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Primavera Sound condemns arrests of Catalan leaders
22 September 2017, 12:22 | Louis Holland
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Catalonia, a wealthy region of 7.5 million people in north-eastern Spain which has Barcelona as its capital, has its own language and culture but is not recognised as a separate nation by the Spanish state.
Regional government officials, including Catalonia's president, so far have vowed to ignore a constitutional court order to suspend the October 1 referendum on Catalan independence from Spain.
Demonstrators waved hybrid flags amalgamating the yellow stripes of Catalonia with the blue saltire of Scotland, and a press pullout stating "Si" from pro-independence Scottish newspaper The National.
The operation comes one day after documents related to the independence referendum were seized from Unipost offices, a private delivery firm, in the Catalan city of Terrasa.
"Primavera Sound can not and does not want to keep quiet about the events that have taken place over the past few days in Catalonia and especially what has taken place today in Barcelona, the city which hosts the festival", reads a statement from Primavera Sound, issued this afternoon.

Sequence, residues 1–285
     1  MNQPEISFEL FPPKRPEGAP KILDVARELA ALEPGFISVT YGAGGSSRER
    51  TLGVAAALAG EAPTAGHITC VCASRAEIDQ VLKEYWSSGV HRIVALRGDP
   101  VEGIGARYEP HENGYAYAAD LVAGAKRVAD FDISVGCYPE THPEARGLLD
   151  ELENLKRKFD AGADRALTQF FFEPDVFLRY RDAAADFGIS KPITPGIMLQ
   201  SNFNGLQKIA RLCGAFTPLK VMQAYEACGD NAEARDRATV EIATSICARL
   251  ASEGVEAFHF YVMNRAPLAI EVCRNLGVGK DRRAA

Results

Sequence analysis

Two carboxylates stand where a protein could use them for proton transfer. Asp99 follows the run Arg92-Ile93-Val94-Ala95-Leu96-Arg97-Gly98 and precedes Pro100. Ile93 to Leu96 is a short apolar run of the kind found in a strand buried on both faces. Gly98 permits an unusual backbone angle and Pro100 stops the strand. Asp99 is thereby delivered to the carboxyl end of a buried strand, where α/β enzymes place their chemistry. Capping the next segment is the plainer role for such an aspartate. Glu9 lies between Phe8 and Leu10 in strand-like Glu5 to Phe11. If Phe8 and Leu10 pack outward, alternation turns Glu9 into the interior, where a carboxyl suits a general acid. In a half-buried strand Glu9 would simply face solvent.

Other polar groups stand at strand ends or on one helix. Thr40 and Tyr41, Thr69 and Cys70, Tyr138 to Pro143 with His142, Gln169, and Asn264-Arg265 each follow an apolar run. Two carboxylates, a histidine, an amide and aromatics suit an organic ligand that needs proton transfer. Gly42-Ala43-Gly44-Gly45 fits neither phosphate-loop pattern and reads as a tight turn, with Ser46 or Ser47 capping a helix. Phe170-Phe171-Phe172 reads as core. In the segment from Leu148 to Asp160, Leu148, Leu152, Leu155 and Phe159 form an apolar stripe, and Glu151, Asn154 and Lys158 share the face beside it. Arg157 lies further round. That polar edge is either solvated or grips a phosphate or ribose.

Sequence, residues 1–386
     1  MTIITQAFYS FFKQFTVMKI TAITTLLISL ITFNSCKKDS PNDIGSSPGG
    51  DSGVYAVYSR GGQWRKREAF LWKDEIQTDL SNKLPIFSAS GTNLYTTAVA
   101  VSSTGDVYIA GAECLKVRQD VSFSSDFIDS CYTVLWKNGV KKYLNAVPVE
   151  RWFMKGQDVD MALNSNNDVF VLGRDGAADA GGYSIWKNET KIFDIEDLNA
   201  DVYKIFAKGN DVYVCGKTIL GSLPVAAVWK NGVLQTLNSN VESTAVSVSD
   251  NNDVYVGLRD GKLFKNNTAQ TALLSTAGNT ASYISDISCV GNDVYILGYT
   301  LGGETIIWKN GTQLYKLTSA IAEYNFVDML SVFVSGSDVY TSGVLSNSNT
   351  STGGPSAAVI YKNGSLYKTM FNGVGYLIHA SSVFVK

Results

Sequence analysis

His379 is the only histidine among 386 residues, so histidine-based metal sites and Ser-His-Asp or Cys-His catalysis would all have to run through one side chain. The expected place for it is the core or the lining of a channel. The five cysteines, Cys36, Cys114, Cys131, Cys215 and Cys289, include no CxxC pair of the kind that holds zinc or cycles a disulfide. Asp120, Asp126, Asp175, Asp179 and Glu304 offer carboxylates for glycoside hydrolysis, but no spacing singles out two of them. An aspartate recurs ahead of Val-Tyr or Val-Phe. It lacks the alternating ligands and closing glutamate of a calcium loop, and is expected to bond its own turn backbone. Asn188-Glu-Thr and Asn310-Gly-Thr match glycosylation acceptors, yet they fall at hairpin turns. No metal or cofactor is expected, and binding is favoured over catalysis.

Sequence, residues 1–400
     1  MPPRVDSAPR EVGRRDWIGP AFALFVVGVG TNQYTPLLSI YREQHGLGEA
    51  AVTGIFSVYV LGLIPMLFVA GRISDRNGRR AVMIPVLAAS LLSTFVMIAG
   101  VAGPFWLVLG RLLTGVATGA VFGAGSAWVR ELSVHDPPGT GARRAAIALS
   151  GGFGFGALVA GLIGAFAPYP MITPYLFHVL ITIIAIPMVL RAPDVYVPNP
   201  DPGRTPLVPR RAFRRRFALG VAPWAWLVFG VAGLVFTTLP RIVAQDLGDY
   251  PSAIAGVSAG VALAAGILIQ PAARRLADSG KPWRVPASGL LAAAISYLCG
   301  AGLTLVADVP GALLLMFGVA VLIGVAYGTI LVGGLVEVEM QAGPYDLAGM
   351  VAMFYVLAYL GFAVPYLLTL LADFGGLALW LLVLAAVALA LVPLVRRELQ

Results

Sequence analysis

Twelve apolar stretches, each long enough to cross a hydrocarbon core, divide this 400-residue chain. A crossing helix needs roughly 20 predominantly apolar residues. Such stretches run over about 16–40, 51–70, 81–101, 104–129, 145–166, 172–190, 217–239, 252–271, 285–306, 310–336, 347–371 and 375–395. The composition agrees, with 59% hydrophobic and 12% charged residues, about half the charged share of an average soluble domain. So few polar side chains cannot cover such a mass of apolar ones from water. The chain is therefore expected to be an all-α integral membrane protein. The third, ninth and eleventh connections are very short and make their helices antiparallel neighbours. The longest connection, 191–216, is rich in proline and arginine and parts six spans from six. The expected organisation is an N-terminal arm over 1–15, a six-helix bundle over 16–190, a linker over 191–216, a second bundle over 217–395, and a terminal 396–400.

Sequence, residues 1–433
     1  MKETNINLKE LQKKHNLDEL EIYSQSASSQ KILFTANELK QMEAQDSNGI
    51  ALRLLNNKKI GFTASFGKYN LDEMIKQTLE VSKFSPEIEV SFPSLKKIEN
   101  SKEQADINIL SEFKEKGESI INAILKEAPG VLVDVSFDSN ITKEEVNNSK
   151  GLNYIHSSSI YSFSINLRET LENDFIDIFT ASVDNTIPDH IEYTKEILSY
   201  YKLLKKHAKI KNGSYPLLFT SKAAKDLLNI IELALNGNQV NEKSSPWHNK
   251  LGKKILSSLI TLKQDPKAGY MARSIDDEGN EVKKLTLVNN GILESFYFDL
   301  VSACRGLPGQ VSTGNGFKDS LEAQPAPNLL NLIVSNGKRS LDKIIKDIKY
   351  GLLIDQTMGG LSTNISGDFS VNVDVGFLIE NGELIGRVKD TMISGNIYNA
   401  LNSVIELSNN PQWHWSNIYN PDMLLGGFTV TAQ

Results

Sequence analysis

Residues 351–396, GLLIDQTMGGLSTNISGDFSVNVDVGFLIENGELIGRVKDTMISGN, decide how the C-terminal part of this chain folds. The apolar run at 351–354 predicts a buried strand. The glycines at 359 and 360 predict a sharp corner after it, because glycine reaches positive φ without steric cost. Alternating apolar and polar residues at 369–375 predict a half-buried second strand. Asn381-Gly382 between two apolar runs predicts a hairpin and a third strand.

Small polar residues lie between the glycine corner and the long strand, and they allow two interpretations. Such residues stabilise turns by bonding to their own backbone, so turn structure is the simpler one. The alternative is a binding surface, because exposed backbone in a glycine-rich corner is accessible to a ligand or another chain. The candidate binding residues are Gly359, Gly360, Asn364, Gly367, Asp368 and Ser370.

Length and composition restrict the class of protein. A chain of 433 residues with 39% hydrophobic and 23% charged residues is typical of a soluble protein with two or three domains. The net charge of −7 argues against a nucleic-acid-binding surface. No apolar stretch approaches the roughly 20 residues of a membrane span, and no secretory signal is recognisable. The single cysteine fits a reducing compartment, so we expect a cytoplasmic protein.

Over the past few days, police have ramped up their seizure of items that could be used in the referendum, including notifications waiting to be sent to Catalans selected to staff polling stations.
Catalonia's leader has accused Madrid of imposing a "de facto state of emergency" in the Spanish region and said the arrests were a "shameful attack" on its autonomy.
Spain's prime minister called Wednesday on Catalan separatist leaders to end their "escalation" as several thousand people took to the streets of Barcelona to protest at Madrid's attempts to stop a banned referendum on independence. Under Article 155 of the constitution, Madrid has the power to suspend a regional government's authority to rule.
So when, earlier this month, the Catalan government passed a law calling for a referendum on October 1, the Spanish government appealed to the country's constitutional court.
Catalonia's regional government has been "de facto" suspended by Spain's central government in Madrid, the president of the would-be breakaway region has said.
The reasons for Mr Jove's arrest were not immediately clear, but Spain's central government had warned that officials who help stage the referendum could face criminal charges.
The Catalan parliament, where Puigdemont's coalition has a majority, has been taking legislative steps towards independence for more than a year.
A crowd of protesters gathers outside the Catalan region's economy ministry after junior economy minister Josep Maria Jove was arrested in Barcelona, Spain, September 20, 2017.
"It is obvious that we won't be able to vote as we would have liked", Oriol Junqueras, deputy head and economy minister of the regional government, told local television TV3.
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